Getting the flu will do more than just eat up your sick days—it could contribute to your risk of potentially-fatal cardiovascular disease. According to a study published in The New England Journal of Medicine , within the first seven days of a confirmed flu diagnosis, patients have a significantly increased risk of heart attack.

If your last blood pressure reading was higher than normal, do everything in your power to get those numbers down—or you could be staring down a heart attack in the future. A little green space can do you a world of good. If you want to reduce your risk of a heart attack, consider commuting by bike whenever possible. Ignoring high cholesterol levels now may mean setting yourself up for serious heart trouble in the future. According to Nesheiwat, high cholesterol is one of the biggest contributing factors to your risk of heart disease.


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  8. Skipping the gym one too many times could be a big problem for your heart down the road. So, how much time should you be spending at the gym? Thirty minutes of moderate activity a day, or minutes a week will reduce your heart disease risk. Because if you do, your heart could pay the price. You may have been able to get away with fried food at 20, but at 40, those greasy snacks are not making your heart happy. However, there are numerous ways to slash your risk of developing either disease, like losing weight and quitting smoking.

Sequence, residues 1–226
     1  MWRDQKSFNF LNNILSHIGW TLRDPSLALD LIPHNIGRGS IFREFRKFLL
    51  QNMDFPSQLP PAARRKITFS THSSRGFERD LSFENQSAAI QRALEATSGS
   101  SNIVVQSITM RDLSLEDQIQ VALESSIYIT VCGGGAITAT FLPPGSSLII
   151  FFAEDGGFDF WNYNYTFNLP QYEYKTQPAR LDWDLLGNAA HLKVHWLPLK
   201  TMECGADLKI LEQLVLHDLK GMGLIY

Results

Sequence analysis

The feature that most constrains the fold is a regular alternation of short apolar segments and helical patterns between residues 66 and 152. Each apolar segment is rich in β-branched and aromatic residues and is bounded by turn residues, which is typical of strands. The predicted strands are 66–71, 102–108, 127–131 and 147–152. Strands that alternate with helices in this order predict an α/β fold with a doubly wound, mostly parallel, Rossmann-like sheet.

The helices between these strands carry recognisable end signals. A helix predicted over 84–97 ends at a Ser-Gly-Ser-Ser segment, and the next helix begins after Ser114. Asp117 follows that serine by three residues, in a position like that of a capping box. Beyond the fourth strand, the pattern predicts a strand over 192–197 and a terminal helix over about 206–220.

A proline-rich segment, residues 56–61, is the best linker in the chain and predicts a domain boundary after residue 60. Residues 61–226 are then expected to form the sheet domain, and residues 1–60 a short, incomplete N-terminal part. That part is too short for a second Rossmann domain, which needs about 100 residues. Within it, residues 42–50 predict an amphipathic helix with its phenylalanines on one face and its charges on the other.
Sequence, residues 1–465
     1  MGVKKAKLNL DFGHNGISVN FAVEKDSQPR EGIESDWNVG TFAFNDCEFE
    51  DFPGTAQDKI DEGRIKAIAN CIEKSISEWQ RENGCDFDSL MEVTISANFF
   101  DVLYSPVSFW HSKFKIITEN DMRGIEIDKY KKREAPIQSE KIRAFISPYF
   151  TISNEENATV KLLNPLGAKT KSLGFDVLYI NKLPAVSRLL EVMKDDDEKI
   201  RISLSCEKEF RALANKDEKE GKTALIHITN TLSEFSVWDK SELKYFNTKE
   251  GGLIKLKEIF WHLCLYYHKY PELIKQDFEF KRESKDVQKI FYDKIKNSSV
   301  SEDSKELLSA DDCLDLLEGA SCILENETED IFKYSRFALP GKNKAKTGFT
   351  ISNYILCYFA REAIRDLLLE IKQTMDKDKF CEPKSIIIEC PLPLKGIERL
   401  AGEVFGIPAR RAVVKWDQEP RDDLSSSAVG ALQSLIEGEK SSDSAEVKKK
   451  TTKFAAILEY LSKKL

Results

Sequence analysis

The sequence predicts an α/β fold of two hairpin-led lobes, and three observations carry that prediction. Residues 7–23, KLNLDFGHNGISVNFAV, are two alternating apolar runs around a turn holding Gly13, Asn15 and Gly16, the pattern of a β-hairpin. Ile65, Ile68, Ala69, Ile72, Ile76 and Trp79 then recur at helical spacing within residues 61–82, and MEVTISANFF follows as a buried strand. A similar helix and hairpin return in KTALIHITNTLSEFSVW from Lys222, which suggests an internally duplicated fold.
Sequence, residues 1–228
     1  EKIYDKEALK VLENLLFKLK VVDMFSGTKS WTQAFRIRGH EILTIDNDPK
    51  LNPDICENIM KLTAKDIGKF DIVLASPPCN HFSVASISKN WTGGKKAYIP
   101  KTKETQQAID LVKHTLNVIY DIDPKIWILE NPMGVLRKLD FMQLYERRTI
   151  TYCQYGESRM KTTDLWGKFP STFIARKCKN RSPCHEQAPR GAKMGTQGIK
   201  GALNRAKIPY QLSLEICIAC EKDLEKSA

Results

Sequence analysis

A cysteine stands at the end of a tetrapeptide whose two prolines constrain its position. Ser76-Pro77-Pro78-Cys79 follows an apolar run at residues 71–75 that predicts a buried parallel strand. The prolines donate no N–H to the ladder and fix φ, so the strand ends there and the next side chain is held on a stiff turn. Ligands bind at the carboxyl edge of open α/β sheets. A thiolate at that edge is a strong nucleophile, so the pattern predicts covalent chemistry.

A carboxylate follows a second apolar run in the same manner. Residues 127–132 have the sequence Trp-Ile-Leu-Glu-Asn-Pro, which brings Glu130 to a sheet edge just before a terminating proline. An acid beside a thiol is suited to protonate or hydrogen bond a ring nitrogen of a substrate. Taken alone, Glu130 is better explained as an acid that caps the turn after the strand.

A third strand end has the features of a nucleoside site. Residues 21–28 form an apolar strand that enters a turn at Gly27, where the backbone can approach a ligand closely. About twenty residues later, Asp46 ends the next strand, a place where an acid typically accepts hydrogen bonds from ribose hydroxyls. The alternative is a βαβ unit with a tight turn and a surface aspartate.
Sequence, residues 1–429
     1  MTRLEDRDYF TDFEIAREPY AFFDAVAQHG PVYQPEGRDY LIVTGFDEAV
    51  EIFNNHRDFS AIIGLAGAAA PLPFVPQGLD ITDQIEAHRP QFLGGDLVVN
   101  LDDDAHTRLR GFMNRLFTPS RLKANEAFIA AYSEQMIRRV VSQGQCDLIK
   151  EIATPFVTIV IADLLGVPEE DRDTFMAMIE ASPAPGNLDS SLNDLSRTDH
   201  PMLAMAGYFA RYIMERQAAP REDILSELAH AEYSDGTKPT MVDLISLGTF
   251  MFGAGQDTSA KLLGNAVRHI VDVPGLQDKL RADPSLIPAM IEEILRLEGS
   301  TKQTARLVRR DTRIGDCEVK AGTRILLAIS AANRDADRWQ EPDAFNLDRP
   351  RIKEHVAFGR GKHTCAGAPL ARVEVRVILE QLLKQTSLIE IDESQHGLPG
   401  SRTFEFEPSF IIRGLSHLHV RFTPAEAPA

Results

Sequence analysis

Fortunately, supplementation and eating foods like fatty fish, oranges, strawberries, lentils, peanuts, spinach, cauliflower, and broccoli can increase your levels of this important nutrient. Addressing your depressive symptoms is the first step toward a healthier heart. If you want to lower your risk of a heart attack, reducing your consumption of animal products in favor of fruits, vegetables, and plant-based proteins is a great place to start. Your family history shapes who you are, including your risk of a heart attack.

    The three categories of risk factors are detailed here:

    Luckily, having this information and controlling other risk factors, like diet and activity level, can help you live a longer, healthier life. We all get angry from time to time, but higher anger levels mean a higher risk of heart attack. Think opting for diet soda instead of the sugary stuff will help keep your heart healthy?

    Think again. Research published in the Journal of General Internal Medicine reveals that even among individuals without other risk factors, regular consumption of diet drinks increases your risk of heart disease. According to a study published in Frontiers in Physiology , lower-altitude living is associated with a greater risk of metabolic syndrome, which can contribute to heart disease.

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    A review of research published in Circulation demonstrates a significant link between eating breakfast and a reduced risk of coronary disease. Toggle navigation. Faceboook Twitter Instagram. Pets News Newsletter. Toggle secondary navigation Pets News Newsletter Follow. A longer, healthier life starts now.